Managing Company Expenses with the Help of Business Cards

Throughout the UK, more than 5.7 million businesses exist, spanning several different industries and serving millions of consumers each day. Over the last decade, business ownership has grown in the region given the opportunities that are inherent in operating a company. However, the prospects that come with owning a business are, at times, diminished by the countless responsibilities business owners have. One of the most important facets of being a successful business owner is managing the company’s finances for both the short- and long-term, and this is no small feat.

Many businesses in the UK struggle with cash flow management, particularly those that experience seasonal shifts in revenue. Fortunately, managing expenses can be handled in an efficient and cost-effective way with the help of various business cards. It is essential, however, for business owners to understand the types of cards available to help with expense management over time, as well as which card may make the most sense for ongoing efficiency.

Types of Cards for Businesses
According to the UK Card Association, several different categories of business cards are available to companies, regardless of size or industry. Each card type offers different features and use cases, but there is likely a solution to help with the management of expenses for each business in operation today. The most common business card types include:

• Credit or charge cards – these business cards extend a credit line to businesses, allowing them to make purchases and pay for ongoing expenses without tapping into cash reserves immediately. These cards, however, carry interest in most cases, which can make for an expense management system if expenses are not paid in a timely fashion.
• Debit cards – these business cards are linked to a business checking account. Any purchases or expenses are immediately debited from the linked account, and no interest is charged since spending is paid for out of available funds.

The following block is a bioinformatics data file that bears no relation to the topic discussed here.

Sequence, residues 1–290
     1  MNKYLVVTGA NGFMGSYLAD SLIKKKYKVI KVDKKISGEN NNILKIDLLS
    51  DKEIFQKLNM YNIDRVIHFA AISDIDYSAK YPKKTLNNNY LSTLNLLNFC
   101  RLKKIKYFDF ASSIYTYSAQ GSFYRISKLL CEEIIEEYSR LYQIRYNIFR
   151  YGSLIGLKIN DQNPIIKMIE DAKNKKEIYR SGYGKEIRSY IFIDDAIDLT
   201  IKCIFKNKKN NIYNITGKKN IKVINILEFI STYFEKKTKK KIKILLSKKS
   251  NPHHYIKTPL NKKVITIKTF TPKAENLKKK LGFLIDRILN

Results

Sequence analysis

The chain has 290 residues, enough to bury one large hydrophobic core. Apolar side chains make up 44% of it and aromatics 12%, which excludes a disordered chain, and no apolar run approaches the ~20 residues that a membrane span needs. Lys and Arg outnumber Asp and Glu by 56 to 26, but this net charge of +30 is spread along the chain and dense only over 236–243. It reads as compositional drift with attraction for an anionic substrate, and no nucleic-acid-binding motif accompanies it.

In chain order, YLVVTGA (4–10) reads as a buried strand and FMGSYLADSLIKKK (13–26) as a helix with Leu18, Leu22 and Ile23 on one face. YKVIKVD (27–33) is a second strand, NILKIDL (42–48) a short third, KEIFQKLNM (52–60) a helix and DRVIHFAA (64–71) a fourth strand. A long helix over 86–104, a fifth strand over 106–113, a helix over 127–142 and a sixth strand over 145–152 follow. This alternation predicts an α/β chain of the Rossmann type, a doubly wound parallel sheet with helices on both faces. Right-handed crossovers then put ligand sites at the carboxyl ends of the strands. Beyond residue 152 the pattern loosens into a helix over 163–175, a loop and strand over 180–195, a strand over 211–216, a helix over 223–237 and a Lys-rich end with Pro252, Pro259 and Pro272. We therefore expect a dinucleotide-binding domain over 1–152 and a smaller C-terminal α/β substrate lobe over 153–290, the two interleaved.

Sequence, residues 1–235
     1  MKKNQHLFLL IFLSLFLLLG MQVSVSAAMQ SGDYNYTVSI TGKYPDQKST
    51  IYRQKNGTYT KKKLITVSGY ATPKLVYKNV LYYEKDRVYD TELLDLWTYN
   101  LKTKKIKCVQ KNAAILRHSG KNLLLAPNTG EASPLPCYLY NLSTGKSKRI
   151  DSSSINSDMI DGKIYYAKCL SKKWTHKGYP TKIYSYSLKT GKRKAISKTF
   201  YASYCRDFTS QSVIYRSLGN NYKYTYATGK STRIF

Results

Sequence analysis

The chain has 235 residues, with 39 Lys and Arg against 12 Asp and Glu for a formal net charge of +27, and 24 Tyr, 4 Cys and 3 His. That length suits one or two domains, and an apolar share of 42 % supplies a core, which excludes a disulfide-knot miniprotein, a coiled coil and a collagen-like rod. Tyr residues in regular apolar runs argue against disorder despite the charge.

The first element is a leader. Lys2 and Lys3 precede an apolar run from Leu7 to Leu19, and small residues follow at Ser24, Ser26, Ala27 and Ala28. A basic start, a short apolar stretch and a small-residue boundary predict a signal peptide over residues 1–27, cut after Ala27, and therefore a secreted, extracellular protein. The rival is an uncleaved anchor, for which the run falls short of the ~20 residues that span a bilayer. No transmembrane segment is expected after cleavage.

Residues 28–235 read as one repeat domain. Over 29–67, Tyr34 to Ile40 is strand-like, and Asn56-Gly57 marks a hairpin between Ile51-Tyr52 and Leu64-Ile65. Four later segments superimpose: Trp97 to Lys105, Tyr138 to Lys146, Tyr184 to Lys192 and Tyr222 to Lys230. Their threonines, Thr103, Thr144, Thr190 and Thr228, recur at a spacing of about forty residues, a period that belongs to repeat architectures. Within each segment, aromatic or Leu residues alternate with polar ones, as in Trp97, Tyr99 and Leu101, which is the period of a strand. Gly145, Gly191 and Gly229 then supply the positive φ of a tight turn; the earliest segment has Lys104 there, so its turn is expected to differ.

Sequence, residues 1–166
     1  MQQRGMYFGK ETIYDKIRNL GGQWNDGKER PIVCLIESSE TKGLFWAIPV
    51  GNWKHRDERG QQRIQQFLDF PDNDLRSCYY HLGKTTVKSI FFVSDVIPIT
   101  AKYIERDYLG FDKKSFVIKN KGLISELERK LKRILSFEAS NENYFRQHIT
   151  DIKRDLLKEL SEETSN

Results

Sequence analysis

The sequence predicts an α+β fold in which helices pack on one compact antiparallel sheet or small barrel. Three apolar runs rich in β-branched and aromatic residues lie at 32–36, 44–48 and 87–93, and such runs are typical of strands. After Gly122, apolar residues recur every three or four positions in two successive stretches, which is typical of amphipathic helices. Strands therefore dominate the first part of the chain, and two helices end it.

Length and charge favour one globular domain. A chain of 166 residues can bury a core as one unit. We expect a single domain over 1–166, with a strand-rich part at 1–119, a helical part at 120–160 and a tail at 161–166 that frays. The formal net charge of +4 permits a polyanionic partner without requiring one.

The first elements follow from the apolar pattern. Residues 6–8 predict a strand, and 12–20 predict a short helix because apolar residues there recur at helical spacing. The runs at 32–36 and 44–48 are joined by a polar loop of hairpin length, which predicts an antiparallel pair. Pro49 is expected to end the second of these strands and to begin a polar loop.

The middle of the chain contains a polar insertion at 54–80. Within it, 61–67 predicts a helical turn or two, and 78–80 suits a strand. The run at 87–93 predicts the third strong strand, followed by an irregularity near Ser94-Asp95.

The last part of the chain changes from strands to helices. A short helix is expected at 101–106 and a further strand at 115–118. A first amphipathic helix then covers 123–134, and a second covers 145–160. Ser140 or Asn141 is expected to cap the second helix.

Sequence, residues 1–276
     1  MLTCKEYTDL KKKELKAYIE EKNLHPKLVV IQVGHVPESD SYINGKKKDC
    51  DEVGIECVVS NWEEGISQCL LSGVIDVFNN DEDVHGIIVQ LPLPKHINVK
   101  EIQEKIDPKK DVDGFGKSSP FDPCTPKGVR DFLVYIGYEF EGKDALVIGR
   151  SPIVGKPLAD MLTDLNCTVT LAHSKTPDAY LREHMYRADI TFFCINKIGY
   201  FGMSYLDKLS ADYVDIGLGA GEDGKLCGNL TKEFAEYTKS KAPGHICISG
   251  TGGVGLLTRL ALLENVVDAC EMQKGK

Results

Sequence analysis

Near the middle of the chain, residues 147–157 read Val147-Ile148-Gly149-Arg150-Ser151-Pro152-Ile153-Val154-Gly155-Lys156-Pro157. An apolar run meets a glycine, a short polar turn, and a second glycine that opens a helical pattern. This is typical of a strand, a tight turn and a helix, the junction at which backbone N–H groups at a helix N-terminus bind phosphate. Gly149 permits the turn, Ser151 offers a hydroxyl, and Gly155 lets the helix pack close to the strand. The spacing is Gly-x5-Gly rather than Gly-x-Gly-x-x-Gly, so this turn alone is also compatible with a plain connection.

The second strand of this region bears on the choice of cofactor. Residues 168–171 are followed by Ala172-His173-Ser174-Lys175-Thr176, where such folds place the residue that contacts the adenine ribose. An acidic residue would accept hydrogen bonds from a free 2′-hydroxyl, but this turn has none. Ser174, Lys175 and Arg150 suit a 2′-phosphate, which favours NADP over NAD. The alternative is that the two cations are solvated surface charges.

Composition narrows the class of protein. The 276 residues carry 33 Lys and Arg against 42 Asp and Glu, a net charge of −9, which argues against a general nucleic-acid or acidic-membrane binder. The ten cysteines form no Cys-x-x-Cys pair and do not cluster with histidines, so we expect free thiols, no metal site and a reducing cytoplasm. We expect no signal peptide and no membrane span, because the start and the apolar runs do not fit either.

• Purchasing cards – these business cards are generally reserved for large corporations, as they are used to cover purchase orders from suppliers.
• Prepaid cards – these business cards can either be pre-loaded or re-loadable with available funds. They can be used link debit or credit cards, but only up to the amount of cash added to the card.

Any combination of business cards can be used to help manage expenses over time. This is because purchases and other spending is easily tracked when utilising a card, and businesses have the option to provide cards to employees for company-related expenses. Although companies can use any of the cards mentioned above to help manage their finances over time, there may be a specific case for prepaid cards when expense management is a glaring issue.

The Case for Prepaid Cards
A finance specialist from Money Pug, a site used to compare prepaid cards, suggests there are certain advantages to using prepaid business cards specifically for expense management. Prepaid cards eliminate the need for employees to use personal cards or accounts to cover company spending, and businesses can often acquire multiple employee cards through a prepaid card provider at a minimal cost. Additionally, prepaid cards only allow for spending up to the loaded cash limited, making it far easier for businesses to restrict spending either for certain employees or for the business overall. Prepaid cards also offer the security of carrying a card rather than cash to cover spending needs.

Companies benefit greatly from using prepaid cards because they often have lower transaction fees than comparable credit cards. They also do not accumulate interest, given that the available spending limit is linked to the amount of cash added to the card. Most prepaid card providers allow businesses to add funds online, at cash machines, or over the phone when necessary.

Considerations When Selecting Cards
The use of cards to help manage expenses from a business perspective can be incredibly helpful, but there are considerations to think through before selecting a category of the card to use. Companies should seriously consider the fees associated with the card of choice. For instance, prepaid cards may have reloading fees or additional charges associated with creating employee cards. Credit cards for businesses accumulate interest on unpaid balances, and some providers charge annual fees for simply having the card in the first place. It is necessary to evaluate these costs to ensure a card selection makes the most economic sense for a company, both now and in the future.

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